Hoping to improve interaction between taxpayers and city leaders, Lexington might join an innovative, year-long, web-based effort. Promoters also hope it will boost Lexington’s reputation as a friendly place for ‘new technology’.
Four architectural firms will offer up suggestions on refurbishing Lexington’s Rupp Arena. The companies vying for the Rupp Arena job come from Lexington, Kansas City, Dallas, Los Angeles, and Sweden. In a statement, Lexington Mayor Jim Gray said ‘these are the firms with the imagination to reinvent Rupp Arena and ignite the surrounding blocks with a new level of excitement and activity.
Brenna Angel, a reporter for the University of Kentucky's public radio station who is being sued by the school, has left the station to work in the office of Lexington Mayor Jim Gray. Angel started work Monday as the assistant communications director, specializing in social media and the city's website. She said it was not a job that she had pursued, but she was pleasantly surprised to be approached about it. "It was an opportunity I couldn't pass up," Angel said early Monday afternoon. Read more...
Kentucky American Water Company President Cheryl Norton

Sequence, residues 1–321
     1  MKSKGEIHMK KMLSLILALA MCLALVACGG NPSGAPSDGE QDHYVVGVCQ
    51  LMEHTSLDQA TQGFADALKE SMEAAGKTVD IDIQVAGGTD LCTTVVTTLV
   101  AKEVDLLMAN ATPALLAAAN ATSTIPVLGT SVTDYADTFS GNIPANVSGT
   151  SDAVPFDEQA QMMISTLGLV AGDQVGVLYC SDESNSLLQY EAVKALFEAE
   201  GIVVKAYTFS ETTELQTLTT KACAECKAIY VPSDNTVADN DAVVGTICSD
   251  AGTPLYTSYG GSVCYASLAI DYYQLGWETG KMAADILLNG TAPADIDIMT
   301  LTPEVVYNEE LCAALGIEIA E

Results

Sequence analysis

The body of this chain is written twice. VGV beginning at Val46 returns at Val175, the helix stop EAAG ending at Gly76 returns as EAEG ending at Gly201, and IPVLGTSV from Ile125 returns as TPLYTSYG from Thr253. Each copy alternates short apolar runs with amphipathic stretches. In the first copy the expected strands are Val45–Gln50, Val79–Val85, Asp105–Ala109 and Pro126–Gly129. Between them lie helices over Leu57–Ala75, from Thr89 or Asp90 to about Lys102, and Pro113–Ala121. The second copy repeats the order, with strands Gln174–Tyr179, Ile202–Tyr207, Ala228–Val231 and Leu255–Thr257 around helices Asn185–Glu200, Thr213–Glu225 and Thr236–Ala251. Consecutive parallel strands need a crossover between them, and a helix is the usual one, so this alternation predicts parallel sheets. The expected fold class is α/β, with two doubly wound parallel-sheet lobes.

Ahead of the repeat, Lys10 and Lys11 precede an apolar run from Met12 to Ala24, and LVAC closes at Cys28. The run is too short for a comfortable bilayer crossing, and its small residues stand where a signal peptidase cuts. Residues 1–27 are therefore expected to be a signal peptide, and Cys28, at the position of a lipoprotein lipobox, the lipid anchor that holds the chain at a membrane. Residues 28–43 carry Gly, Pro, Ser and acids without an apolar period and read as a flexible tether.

Credit Kentucky American Water Company
Formal hearings begin Tuesday on a rate increase requested by Kentucky American Water. And, state regulators have already heard some tough talk from Lexington’s mayor. Hoping to cover the cost of infrastructure improvements, computer upgrades and declining usage, Kentucky American Water Company seeks a 14 percent increase in rates. If approved by the State Public Service Commission, the average water customer would pay an extra five to six dollars a month.
Kentucky American's Rate Increase Request Up for Review this Week
It’s getting down to crunch time for local governments across Kentucky as councils and commissions prepare to vote on new budgets. In Lexington, city leaders will make some adjustments over the next couple of weeks. Vice Mayor Linda Gorton says council members should get an update Tuesday on how much money is available.
New zoning regulations proposed for facilities that care for Lexington’s adult residents concern advocates for Lexington's homeless and disabled residents. The proposed change would require Adult Day Care Centers to seek city permission before opening up in areas zoned for business and professional. David Christensen with the Central Kentucky Housing and Homeless Initiative says the rules seem to target Lexington’s homeless.
Zip line enthusiasts lobby council members at Lexington city hall.
Credit Stu Johnson / WEKU News
Hoping to promote and regulate adventure tourism in rural areas, a Lexington work group has proposed a series of zoning restrictions. During dozens of public meetings, the working group discussed the need for green space, the potential of eco and agri-tourism, and the environmental consequences. Vice Mayor Linda Gorton created the panel
A remedy is in the works for a debt owed by the Children’s Museum to the city of Lexington. The ‘Explorium’ owes the city about 194-thousand dollars. Lexington Finance Commissioner Bill Omara says the proposed remedy has the museum organizing 24 community events a year until the debt is paid off.